Harps' death called "random predatory violent killing"
By Natalie Singer
Seattle Times staff reporter
The motive behind the slaying of Shannon Harps wasn't rape, or robbery, or revenge for some perceived slight, King County prosecutors say.
There apparently was nothing particular about the 31-year-old Sierra Club employee that made her a killer's target as she walked to her Capitol Hill apartment on New Year's Eve.
James Anthony Williams, the man accused of Harps' slaying, would later tell detectives she was merely "in the wrong place at the wrong time," according to court documents charging Williams with first-degree murder.
"It is our worst fear — a random predatory violent killing," King County Prosecutor Dan Satterberg said during a news conference Tuesday announcing the charges.
Williams, 48, an ex-convict with a long history of mental illness, could face 25 to 33 years in prison if convicted. He's being held in King County Jail in lieu of $1 million bail and is scheduled to be arraigned next Tuesday.
Satterberg and court documents supporting the charge provided new details in Harps' slaying and how she was targeted by a man she apparently had never met. Satterberg also announced Tuesday the creation of a panel to investigate why Williams, whose long history of mental illness and criminal activity — including 248 infractions committed in prison while serving an 11-year sentence for randomly shooting a man in 1995 and a host of violations he committed after his 2006 release — was a free man when the slaying occurred.
The group, made up of prosecutors, officials with the state Department of Corrections (DOC), mental-health workers and law-enforcement officers, will produce a report detailing the efforts to supervise Williams in the 20 months between his release from prison and the slaying, Satterberg said.
"This is not an exercise in blaming anyone other than James Williams for this murder," he said. "It is simply the responsible thing to do — to examine our system when the most intensive supervision scheme we have developed could not prevent this terrible crime."
According to the affidavit of probable cause, Williams saw Harps walking alone on a Capitol Hill street around 7 p.m. on Dec. 31 and began following her.
He was armed with a butcher knife, the same type of knife he had previously told police and social workers he liked to keep with him, according to court documents detailing Williams' criminal and mental-health history.
As Harps reached the stairwell outside her condominium building, Williams began stabbing her repeatedly, commanding her to die, Satterberg said.
A witness heard Harps call for help and saw her stagger out of the stairwell, according to the charging documents.
He dialed 911 and then saw a man emerge from the stairwell, look briefly at him and casually walk away, according to the papers.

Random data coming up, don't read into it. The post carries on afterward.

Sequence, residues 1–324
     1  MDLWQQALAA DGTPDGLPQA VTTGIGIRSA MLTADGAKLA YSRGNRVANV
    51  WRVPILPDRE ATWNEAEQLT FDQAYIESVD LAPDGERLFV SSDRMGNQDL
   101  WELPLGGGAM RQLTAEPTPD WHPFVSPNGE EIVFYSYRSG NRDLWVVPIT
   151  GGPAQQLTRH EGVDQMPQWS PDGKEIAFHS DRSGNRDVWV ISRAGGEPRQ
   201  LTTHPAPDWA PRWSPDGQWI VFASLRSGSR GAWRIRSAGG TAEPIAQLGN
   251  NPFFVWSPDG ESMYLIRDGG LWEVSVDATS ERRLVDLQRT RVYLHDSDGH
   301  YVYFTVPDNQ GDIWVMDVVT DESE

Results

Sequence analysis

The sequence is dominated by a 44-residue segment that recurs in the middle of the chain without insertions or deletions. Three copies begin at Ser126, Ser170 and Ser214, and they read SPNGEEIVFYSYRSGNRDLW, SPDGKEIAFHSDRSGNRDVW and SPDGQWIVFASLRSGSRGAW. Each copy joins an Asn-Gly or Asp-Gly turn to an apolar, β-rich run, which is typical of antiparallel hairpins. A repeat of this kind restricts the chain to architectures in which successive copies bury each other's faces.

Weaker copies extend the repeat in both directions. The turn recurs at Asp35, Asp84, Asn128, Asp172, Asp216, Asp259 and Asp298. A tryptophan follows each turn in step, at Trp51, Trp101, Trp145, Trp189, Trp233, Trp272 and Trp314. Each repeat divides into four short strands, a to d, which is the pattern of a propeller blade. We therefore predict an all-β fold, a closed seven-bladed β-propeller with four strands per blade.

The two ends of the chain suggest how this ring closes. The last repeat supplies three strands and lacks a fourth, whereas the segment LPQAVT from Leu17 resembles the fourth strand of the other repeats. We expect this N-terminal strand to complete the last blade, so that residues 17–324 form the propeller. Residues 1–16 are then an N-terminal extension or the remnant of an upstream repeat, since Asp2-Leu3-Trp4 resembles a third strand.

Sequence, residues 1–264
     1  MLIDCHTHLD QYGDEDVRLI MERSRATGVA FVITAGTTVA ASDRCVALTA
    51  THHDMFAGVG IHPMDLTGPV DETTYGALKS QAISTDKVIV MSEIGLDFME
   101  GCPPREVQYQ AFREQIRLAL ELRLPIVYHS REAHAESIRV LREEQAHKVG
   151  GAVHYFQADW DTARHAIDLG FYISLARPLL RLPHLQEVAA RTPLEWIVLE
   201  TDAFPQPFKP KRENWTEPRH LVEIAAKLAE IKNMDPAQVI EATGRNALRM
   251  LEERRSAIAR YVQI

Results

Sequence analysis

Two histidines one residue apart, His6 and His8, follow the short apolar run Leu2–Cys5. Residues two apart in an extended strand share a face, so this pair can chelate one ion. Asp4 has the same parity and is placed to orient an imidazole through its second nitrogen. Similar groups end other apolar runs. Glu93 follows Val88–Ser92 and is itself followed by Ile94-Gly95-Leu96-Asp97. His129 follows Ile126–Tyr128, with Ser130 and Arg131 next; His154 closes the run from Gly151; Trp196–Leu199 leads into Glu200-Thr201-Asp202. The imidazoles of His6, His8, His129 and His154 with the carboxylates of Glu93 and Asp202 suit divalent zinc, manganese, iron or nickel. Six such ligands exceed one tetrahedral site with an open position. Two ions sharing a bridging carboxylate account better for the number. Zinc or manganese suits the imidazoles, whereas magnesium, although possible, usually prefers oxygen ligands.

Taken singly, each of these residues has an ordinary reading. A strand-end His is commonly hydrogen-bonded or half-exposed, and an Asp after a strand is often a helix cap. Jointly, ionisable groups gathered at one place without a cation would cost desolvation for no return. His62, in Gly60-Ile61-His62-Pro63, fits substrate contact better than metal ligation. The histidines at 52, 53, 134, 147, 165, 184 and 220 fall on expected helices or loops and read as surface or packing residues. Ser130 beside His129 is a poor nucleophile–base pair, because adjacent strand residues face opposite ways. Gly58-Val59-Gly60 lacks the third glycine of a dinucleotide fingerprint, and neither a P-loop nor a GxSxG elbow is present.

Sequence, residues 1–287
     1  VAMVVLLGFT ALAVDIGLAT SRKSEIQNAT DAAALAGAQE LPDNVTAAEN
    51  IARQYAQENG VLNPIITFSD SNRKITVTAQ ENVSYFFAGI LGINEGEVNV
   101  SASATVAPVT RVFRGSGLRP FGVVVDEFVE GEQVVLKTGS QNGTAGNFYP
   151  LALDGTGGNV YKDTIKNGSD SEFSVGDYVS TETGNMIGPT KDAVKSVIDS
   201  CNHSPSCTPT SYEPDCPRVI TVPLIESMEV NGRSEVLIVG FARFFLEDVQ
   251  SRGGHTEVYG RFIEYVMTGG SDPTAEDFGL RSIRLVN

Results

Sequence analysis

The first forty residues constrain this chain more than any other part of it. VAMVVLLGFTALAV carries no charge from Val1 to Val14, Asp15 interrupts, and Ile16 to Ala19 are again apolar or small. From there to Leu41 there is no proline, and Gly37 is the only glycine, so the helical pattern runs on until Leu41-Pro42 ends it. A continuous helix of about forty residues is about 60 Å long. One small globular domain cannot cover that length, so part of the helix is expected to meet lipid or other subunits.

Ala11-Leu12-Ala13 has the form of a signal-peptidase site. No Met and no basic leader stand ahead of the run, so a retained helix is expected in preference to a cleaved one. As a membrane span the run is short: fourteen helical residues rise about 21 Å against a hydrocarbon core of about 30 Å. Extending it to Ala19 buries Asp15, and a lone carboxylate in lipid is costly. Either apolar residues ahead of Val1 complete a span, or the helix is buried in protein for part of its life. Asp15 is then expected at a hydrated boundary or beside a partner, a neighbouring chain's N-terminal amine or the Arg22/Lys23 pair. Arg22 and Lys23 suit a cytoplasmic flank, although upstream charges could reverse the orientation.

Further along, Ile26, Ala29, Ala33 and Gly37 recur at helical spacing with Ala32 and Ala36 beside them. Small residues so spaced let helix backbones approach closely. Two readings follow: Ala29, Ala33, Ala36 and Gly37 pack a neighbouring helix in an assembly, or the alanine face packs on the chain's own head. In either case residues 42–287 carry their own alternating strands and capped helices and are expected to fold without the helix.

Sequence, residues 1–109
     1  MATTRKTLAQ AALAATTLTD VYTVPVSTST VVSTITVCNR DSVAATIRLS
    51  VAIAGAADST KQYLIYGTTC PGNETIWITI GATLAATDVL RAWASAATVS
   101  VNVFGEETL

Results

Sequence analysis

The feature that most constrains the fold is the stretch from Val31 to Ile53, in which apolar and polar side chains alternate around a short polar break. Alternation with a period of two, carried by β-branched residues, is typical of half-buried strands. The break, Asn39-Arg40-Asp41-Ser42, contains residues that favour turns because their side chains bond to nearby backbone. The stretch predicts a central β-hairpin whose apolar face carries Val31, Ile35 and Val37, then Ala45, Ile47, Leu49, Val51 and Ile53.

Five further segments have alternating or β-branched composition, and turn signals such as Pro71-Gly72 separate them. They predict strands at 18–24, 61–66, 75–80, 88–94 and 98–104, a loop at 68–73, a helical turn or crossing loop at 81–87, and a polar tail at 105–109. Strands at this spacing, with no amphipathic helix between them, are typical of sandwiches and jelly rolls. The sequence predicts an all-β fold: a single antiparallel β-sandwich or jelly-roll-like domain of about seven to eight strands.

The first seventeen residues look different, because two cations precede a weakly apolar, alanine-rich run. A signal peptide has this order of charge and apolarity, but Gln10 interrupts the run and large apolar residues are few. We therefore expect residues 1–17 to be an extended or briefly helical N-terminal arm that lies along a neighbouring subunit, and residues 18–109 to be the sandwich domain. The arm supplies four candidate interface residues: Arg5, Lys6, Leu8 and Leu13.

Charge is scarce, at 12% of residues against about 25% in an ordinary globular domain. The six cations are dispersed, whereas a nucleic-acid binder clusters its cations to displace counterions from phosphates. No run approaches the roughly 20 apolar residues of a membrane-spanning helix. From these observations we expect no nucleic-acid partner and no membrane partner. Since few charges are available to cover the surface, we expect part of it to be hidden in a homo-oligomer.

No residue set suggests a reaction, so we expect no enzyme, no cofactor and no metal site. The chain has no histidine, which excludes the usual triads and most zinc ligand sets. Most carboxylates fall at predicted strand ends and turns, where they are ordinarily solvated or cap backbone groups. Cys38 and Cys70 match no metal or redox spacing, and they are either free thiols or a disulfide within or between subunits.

Police questioned Williams about an hour after the stabbing after finding him at a nearby bus shelter drinking Pabst Blue Ribbon beer, the same beer found near the scene of the slaying. But they let him go after he said he didn't know anything and witnesses said he was not the man they had seen near the scene of the stabbing.
Williams agreed to give police a voluntary cheek swab while they interviewed him after the slaying. This proved to be the break in the case.
On Friday, police announced that Williams' DNA matched that found on the knife recovered near the crime scene. After questioning him a second time, he confessed, they said, telling detectives he had no particular reason to pick Harps.
At that point, Williams had already been in jail for 10 days after he was arrested for missing a required appointment with a mental-health provider, one of many violations of his probation.
While in prison for shooting a man at a bus stop in 1995, Williams constantly exhibited threatening behavior toward corrections officers and racked up 248 serious infractions, according to court documents.
And after getting out, he spent a total of about 9-½ months of 2007 in jail because of various violations of his community-supervision conditions — requirements he had to meet as part of his release from prison in 2006.
Classified as a Dangerous Mentally Ill Offender, he did receive enhanced supervision in the community, according to the King County Prosecutor's Office and DOC officials.
He was brought before the court several times when he violated his conditions, was once sent to Western State Hospital for involuntary commitment, was sanctioned to various jail terms and was ordered to continue outpatient mental-health treatment, according to the Prosecutor's Office.
In March, he told a police officer that he planned to "shoot all his caseworkers" at Sound Mental Health.
In September, police found an 8-inch butcher knife in his sweat-shirt pocket after the landlord of his Capitol Hill apartment told police he had threatened her. He stayed in jail on that charge until just 10 days before Harps was slain.
Natalie Singer: 206-464-2704 or firstname.lastname@example.org